To reduce potential problems with long interconnection delays, Xilinx partitioned the chips so that each chip only had to communicate with its immediate neighboring chips. In addition to reducing stress, the interposer-based configuration also simplifies the power distribution problem, which can be very significant in true-3D stacking.
Verification methodologies for 3D-ICs
Configurations for the stacks must be properly described for accurate design and verification. The emphasis is on the precise description of the interfaces (chip-to-chip or chip-to-interposer), so that an appropriate and efficient verification process can be developed.
A rule file, used to describe a 3D stack, typically contains a list of dies with their order number, the information for each die's position, rotation, and orientation, as well as the location of the GDS files and associated rule files and svdb directories. The interface type and the rules (both DRC and LVS) are specified in the interface rule files.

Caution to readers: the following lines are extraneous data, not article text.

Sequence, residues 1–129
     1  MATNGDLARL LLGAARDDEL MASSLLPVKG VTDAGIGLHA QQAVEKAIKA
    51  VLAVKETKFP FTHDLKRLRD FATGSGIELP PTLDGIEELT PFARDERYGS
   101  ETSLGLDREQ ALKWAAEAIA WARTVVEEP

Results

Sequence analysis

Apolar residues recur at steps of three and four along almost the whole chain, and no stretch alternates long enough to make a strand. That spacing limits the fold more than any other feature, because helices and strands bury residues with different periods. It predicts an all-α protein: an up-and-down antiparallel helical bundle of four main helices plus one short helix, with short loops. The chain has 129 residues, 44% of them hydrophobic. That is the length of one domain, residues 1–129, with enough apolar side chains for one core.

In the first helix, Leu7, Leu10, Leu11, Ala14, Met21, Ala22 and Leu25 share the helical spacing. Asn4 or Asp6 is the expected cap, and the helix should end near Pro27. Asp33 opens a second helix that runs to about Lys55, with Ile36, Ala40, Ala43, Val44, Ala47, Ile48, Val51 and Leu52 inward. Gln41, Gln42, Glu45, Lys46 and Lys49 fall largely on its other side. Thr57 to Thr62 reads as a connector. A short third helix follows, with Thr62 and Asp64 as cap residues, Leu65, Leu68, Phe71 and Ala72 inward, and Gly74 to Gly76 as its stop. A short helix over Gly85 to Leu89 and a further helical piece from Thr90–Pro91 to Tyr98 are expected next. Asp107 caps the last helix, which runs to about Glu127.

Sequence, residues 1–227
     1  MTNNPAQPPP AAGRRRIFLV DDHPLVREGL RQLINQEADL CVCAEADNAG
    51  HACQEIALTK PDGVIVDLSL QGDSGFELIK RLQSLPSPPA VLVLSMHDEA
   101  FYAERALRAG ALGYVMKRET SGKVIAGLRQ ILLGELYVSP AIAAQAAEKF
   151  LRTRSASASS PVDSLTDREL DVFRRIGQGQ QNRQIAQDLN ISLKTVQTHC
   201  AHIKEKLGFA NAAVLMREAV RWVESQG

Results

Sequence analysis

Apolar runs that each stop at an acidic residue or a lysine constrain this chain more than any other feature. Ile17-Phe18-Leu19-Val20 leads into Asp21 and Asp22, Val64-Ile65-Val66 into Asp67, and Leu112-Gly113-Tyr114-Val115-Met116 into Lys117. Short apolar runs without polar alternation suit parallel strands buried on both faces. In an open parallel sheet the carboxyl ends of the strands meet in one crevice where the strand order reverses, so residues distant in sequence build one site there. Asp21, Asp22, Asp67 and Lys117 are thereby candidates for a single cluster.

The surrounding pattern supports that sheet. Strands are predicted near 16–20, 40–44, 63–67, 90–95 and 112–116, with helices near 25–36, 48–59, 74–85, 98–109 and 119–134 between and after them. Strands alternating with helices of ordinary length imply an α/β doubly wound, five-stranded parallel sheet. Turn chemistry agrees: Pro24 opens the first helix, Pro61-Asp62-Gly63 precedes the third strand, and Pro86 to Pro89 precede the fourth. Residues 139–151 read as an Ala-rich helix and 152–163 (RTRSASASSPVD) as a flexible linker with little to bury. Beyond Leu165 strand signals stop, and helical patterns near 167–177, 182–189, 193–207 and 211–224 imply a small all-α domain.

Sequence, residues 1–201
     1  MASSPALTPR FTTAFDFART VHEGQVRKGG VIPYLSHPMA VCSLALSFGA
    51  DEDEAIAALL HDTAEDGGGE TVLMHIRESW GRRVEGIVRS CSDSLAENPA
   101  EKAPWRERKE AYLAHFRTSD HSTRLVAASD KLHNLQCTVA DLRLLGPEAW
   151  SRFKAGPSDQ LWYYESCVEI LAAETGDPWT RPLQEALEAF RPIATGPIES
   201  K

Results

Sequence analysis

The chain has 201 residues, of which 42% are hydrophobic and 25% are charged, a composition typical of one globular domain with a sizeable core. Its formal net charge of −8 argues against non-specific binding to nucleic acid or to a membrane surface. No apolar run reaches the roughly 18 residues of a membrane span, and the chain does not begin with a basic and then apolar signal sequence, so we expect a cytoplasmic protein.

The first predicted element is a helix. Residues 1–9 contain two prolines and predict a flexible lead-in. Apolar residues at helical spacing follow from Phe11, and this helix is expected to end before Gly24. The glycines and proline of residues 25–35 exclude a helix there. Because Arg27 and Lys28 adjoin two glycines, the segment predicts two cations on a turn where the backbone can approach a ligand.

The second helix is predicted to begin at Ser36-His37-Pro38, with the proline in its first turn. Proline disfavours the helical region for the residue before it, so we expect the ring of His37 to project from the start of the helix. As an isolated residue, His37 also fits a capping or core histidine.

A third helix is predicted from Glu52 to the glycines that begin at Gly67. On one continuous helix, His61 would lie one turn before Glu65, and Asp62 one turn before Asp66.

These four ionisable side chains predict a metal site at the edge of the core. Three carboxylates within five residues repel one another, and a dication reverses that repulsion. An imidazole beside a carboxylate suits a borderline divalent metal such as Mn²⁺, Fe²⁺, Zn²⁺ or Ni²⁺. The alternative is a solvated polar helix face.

For parasitic extraction of the chip interfaces, descriptions of the dimensions and electrical characteristics of the interface materials (microbumps, copper pillars, bonding material properties, etc.) are needed, as well as the number of layers that should be taken into account from the neighboring dies (up and down) for parasitic extraction.
3D-IC stack verification, regardless of the configuration, includes DRC, LVS, parasitic extraction (PEX), and simulation. The approach taken today is to first run DRC/LVS/PEX on the individual dies separately, and then to consider the interfaces. For the interfaces (between the vertically stacked dies, as well as between the dies and an interposer), a separate GDS consisting of the interface layers is formed , and then DRC and connectivity checking are performed against this GDS. Text labels should be inserted at the interface microbump locations to enable the connectivity checking between dies. Based on stack information (die order, x,y position, rotation, orientation, etc.), provided in a rule file, the tools perform DRC and connectivity checking on the entire stack.